THAILAND: AID WORKERS STRUGGLE TO COPE WITH CAMBODIAN REFUGEES



English/Nat

Aid workers at the remote Thai-Cambodian border were struggling on Monday to cope with the growing number of refugees fleeing fighting between the Khmer Rouge and the Cambodian government.

More than 10-thousand refugees streamed into Thailand over the weekend.

The Cambodian government claims its troops have already seized the last enclave of the Khmer Rouge in northern Cambodia, all but wiping out the revolutionary movement that brought three decades of terror.

The flight across the jungle border continues to take its toll on the Cambodian refugees.
This woman and her infant child were found on the road near the camp, too exhausted to walk any further.

Many of the refugees formerly lived in Khmer Rouge-held villages.

They fled when government troops stormed into the area last week.

Many have lived a virtually isolated existence in the jungles.

Medical aid workers at this makeshift camp run by U-N High Commission for Refugees say their general state of health is very poor.

None have ever been vaccinated and the greatest concern now is an outbreak of contagious diseases.

SOUNDBITE: (English)
”Due to the move and instability, the people are affected by respiratory infections. They are exhausted and suffering from gastro-enteritis, diarrhoea and in this hot climate very fast they develop dehydration.”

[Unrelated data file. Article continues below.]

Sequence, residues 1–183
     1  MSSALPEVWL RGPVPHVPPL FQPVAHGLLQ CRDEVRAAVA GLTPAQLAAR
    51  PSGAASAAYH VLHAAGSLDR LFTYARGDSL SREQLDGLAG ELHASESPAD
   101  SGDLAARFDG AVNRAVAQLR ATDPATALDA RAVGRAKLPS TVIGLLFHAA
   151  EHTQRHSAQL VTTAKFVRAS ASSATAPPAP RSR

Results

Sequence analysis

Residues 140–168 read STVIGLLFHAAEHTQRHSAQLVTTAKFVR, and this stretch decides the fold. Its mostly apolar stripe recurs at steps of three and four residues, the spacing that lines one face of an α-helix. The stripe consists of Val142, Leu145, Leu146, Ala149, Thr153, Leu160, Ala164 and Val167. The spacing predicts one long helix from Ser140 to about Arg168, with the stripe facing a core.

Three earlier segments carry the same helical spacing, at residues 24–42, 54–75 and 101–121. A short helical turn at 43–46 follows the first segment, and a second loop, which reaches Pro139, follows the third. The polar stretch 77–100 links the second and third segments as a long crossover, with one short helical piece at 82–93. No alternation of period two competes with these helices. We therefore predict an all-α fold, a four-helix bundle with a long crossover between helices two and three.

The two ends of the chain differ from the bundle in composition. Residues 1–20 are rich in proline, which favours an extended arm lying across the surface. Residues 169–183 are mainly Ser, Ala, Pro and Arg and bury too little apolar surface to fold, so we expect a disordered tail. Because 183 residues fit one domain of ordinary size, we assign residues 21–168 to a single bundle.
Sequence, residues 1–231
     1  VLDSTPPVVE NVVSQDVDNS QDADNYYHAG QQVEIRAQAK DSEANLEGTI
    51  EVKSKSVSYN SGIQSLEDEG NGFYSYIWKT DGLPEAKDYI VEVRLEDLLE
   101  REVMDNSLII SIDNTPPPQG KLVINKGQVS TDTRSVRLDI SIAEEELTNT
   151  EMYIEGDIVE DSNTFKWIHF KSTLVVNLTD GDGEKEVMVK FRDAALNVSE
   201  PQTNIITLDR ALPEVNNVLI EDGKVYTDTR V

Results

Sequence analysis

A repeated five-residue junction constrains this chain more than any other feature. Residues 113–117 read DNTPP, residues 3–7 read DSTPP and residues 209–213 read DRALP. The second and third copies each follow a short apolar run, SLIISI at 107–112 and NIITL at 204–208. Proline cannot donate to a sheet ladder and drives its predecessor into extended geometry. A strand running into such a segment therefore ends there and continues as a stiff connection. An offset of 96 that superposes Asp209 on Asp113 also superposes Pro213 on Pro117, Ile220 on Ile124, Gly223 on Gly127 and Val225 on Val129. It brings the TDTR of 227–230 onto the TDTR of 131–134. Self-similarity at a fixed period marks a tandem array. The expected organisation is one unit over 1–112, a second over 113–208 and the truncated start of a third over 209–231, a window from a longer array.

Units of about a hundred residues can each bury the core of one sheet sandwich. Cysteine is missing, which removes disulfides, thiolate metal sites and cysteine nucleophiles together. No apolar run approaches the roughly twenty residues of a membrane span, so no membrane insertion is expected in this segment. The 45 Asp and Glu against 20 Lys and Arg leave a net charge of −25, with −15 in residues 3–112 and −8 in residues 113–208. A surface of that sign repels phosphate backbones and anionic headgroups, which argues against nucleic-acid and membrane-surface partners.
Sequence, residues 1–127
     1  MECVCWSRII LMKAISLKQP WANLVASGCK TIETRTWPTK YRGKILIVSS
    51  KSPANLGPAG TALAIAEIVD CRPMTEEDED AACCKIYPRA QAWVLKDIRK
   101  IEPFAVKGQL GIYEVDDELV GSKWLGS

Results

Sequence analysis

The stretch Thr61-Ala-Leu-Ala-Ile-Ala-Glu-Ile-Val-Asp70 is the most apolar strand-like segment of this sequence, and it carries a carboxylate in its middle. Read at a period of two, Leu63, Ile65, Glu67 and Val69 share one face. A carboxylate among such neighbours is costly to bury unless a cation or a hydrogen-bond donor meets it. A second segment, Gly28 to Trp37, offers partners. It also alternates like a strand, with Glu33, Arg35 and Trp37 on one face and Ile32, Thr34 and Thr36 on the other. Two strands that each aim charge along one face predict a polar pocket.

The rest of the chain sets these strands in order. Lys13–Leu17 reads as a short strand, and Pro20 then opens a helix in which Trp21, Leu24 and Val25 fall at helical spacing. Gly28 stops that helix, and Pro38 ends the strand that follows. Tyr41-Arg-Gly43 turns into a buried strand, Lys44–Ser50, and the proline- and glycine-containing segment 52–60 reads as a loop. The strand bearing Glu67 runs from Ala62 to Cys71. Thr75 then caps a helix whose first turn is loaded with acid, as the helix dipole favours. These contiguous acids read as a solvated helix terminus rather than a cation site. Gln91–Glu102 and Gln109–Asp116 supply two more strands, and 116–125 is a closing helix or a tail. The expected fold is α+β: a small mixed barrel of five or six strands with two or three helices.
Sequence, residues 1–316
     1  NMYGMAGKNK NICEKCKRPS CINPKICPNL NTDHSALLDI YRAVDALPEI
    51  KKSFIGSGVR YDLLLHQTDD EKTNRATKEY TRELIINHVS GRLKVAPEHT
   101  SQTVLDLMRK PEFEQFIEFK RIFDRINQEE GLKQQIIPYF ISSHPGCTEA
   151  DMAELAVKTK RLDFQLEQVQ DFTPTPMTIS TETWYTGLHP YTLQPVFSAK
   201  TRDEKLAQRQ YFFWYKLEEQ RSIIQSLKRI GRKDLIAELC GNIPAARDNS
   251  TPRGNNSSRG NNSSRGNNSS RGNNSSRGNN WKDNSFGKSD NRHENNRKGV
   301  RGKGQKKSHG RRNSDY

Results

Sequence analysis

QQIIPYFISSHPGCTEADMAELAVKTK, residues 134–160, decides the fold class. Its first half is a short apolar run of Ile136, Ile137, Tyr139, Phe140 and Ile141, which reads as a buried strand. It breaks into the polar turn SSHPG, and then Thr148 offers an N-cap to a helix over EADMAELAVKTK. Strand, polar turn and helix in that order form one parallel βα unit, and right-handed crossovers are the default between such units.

SUPER CAPTION: Dr. Ulrich Roethig, Regional Coordinator for MHD Relief Agency

Located a mere five kilometres (3 miles) from the war-torn border, the camp is now home to around eight thousand people.

Thousands more are scattered through the nearby forest as government forces continue their drive to exterminate the Khmer Rouge.

Officials in Phnom Penh said on Sunday that they had conquered the last Khmer Rouge strongholds.

But Thai military sources said it appeared some rebel forces had simply melted back into the jungle.

Aid officials have been closely monitoring the fighting.

They say they are prepared for the refugee influx.

SOUNDBITE: (English)
“No, in the sense that we did have some warning, along as say a month ago. So that preparations had been made at that time for a site roughly in this area to my left over here. And the provincial officials and district officials in this area were ready for something.”
SUPER CAPTION: Robert Burrows, United Nations Border Relief Operation

Even so not everything is running smoothly, some of the refugees are on the move again to a second site three kilometres (2 miles) further inside Thailand.

Thai government fears over public health and expenses are keeping their future uncertain.

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